No two employees are ever truly equal
How do you decide which employee deserves a promotion? If you make promotion decisions using seniority as the sole criterion, you’re making a major mistake.
If you run a union shop, maybe you have to, but otherwise promoting based solely on seniority is not just an imperfect solution – it’s a terrible solution.
Plus it’s also a cop-out – everyone I’ve ever talked to who promoted based on seniority eventually admitted they did so not because it was the most objective way to make the decision, but because it allowed them to avoid having that difficult conversation when they had to tell people why they weren’t selected for the job.
If that’s the main reason you promote is based on seniority, shame on you. Your employees – especially your best employees – deserve better.
There are a number of problems with seniority-based promotions:
They stifle motivation. Why should people work harder? As long as they meet job requirements, all they have to do is wait their turn.
They stifle initiative. Why should people volunteer? Why should people step up? It doesn’t help them.
They fuel resentment. Some employees will still work harder. Some will still step up. That’s how they’re made.
Then they watch relative slackers get promoted. They have such a solid work ethic, they still work hard, but boy do they resent those who don’t, and yet are still rewarded.
They hinder recruiting. No superstar wants to work in an environment where their talents aren’t rewarded.
Promote based on seniority and soon, the only people you’ll attract are those who are attracted to a seniority-based system – and you don’t want those folks.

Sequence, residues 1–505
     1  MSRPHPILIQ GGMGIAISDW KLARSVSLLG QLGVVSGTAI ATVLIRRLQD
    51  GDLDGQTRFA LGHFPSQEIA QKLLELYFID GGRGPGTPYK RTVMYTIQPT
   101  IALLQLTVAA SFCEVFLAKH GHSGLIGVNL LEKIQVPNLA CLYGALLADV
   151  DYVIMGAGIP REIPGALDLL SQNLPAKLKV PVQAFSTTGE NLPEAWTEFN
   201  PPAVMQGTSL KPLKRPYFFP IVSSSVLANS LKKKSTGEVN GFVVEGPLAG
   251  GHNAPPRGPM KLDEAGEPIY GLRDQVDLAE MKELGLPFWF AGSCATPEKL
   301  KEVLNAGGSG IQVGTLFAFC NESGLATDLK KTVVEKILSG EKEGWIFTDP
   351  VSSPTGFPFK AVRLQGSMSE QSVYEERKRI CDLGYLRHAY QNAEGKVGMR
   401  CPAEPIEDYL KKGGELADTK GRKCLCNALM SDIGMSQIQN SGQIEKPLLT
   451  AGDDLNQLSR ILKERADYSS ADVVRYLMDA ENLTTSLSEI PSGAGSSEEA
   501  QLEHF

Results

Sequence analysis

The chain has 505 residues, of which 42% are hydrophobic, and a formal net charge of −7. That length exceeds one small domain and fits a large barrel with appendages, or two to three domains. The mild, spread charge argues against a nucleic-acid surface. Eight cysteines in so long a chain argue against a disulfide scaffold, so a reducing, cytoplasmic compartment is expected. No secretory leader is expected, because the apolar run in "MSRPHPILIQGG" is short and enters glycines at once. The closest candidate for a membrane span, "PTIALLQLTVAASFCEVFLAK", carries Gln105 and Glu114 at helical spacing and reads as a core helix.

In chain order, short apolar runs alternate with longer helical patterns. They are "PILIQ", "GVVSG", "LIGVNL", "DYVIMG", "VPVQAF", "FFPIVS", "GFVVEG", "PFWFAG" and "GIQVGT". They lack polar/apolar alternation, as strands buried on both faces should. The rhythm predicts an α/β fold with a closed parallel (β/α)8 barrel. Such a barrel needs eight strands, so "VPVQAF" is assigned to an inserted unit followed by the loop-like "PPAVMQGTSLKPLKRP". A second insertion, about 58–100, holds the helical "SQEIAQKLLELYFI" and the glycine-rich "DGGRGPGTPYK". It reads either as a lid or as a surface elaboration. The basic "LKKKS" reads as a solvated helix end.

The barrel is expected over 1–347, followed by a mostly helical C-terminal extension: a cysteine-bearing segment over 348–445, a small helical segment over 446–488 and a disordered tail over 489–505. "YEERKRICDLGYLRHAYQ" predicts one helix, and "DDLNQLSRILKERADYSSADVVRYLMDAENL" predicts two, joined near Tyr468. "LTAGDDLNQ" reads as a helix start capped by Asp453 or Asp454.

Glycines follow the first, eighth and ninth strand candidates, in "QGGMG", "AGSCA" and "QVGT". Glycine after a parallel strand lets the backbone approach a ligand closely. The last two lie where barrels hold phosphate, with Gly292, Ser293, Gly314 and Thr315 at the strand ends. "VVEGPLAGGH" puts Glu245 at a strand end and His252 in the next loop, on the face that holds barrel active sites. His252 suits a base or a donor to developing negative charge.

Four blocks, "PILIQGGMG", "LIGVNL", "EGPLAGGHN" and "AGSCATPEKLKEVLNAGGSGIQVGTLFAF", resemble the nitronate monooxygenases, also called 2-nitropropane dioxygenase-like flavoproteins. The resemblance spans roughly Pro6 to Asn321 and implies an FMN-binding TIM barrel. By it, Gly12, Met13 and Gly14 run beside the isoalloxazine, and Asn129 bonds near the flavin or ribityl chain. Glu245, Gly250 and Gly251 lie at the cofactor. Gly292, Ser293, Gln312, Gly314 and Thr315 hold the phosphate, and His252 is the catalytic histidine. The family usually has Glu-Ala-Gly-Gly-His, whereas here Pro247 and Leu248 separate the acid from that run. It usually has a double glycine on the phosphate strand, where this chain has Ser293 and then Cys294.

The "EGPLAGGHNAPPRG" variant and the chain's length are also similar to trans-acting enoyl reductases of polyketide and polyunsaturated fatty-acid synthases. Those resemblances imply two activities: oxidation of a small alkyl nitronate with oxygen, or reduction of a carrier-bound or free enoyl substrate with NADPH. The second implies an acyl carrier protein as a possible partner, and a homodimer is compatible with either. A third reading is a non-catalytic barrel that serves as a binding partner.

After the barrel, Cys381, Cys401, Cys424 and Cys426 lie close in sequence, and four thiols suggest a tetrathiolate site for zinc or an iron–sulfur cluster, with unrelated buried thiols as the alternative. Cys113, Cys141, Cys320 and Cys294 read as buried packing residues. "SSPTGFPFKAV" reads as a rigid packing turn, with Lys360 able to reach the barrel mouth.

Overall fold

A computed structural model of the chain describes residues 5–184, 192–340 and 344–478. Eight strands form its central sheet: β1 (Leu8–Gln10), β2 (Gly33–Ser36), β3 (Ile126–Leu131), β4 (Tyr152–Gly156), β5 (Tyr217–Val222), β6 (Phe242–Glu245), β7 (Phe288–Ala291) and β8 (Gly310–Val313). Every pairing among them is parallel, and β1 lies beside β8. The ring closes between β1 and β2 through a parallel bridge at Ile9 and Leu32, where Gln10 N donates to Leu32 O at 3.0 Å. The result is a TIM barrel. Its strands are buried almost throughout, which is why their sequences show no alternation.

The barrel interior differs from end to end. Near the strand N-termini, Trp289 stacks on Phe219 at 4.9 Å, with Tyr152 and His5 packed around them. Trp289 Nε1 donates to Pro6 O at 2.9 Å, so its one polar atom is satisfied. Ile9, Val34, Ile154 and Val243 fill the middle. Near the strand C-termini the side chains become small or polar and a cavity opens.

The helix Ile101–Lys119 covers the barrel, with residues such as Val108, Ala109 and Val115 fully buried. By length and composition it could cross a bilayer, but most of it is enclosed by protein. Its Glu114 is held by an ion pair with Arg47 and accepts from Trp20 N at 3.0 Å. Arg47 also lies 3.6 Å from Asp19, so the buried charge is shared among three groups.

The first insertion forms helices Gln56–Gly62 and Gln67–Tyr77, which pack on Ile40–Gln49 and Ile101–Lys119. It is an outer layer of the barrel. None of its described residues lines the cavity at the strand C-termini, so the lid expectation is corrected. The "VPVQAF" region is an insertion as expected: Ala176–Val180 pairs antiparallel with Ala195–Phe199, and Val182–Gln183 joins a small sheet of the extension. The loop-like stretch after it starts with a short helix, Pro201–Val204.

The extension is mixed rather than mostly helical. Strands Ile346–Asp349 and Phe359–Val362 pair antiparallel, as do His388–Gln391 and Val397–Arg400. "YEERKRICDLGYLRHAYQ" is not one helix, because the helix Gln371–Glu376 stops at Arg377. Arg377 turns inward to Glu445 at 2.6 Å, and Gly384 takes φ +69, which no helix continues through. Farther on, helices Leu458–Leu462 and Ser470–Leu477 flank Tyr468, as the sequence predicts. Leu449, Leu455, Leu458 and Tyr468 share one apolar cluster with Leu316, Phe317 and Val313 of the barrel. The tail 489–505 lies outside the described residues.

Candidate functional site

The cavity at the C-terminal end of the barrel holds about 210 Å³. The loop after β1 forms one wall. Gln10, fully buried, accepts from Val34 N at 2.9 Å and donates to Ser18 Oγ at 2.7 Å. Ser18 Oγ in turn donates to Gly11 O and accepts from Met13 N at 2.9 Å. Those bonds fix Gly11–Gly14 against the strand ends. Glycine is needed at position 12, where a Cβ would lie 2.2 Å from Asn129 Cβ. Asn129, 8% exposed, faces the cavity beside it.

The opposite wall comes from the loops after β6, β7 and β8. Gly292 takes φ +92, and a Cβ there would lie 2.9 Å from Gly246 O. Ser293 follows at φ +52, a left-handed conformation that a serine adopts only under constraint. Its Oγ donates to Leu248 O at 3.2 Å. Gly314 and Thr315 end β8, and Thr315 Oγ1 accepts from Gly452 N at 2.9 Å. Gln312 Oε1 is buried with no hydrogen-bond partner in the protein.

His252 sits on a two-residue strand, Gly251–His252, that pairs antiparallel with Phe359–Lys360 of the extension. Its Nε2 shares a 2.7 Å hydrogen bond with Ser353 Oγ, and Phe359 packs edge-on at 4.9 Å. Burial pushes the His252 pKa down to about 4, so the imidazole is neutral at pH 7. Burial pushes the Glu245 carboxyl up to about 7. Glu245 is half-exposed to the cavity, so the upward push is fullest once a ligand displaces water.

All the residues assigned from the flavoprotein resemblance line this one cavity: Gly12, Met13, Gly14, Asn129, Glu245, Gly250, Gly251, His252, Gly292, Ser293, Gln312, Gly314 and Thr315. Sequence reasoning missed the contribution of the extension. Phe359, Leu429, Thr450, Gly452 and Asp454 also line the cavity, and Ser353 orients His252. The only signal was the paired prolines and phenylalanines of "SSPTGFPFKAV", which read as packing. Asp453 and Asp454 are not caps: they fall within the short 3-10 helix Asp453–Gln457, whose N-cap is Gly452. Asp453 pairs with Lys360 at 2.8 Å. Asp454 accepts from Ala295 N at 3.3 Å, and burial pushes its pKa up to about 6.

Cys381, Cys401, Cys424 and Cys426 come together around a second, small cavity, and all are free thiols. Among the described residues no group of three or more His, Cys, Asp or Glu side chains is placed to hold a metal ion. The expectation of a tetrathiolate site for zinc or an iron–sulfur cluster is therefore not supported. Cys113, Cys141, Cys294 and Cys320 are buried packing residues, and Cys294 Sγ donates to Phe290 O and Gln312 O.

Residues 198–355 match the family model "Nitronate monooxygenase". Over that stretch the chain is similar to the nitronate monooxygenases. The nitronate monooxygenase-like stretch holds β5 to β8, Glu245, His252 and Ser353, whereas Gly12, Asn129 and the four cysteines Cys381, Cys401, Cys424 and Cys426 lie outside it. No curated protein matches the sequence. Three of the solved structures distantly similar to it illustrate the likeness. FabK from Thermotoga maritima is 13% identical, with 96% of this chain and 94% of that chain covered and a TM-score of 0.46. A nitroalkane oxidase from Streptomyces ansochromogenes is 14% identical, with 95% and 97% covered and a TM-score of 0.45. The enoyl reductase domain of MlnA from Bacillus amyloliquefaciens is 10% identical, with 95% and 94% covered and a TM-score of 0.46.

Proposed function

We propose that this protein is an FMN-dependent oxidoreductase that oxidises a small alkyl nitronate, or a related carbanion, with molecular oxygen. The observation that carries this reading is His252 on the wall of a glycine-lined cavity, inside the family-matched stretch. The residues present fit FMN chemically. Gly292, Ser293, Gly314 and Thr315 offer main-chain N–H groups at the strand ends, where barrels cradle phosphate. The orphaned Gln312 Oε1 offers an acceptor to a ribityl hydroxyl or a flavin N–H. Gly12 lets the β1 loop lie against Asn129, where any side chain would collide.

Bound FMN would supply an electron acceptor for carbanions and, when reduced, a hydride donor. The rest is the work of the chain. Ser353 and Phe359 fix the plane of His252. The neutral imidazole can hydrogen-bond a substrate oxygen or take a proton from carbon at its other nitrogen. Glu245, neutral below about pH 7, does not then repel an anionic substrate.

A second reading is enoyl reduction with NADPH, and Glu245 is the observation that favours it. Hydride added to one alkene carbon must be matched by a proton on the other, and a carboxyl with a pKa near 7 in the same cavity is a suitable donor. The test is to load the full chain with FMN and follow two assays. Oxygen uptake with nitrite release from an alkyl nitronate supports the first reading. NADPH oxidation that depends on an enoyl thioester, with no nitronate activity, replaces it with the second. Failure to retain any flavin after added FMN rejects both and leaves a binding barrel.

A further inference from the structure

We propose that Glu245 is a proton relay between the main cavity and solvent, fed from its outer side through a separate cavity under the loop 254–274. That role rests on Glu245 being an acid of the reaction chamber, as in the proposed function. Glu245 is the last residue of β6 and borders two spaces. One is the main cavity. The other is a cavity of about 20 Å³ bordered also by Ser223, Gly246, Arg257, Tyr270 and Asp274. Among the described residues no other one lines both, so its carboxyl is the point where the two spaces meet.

They create a culture of mediocrity. How you treat your employees is often how they will treat customers.
If you don’t expect and then reward excellence, why would your employees think your customers deserve excellence?
Besides that, seniority is already baked into the process. An employee with three years on the job should be a better candidate for promotion than an employee with one year.
He or she has had more time to gain skills, to achieve more, to build better connections with customers and vendors and other employees. The longer-term employee has a huge advantage.
If a newer employee is still the better candidate, either the employee with more tenure didn’t put their time advantage to good use, or the newer employee is a superstar, and, either way, deserves the promotion.
Of course that means you need to really know your employees.
But that’s okay; nothing is more important than how you treat your employees; everything follows from that.
So if you think it’s too much trouble to know your employees, to know their skills and talents, to know their strengths and weaknesses and put them in spots where they can showcase their strengths and improve their weaknesses, then you need to get someone else to run your business.
And if all this doesn’t convince you, here’s one more reason.
Say your company competes with businesses that have greater “length of service.” Imagine how you would you feel if a potential customer said: “We’re going to go with ACME just because they’ve been in business longer.”
In your mind, customers shouldn’t care about the fact you’re newer; they should choose you because you’re better.
In short, you want your market to be a meritocracy.
Shouldn’t you treat your employees the same way you want your customers to treat you?
Jeff Haden is a public speaker and author of more than 50 non-fiction books and ghost-writer for innovators and business leaders. To engage with him, email firstname.lastname@example.org
Reposted with permission.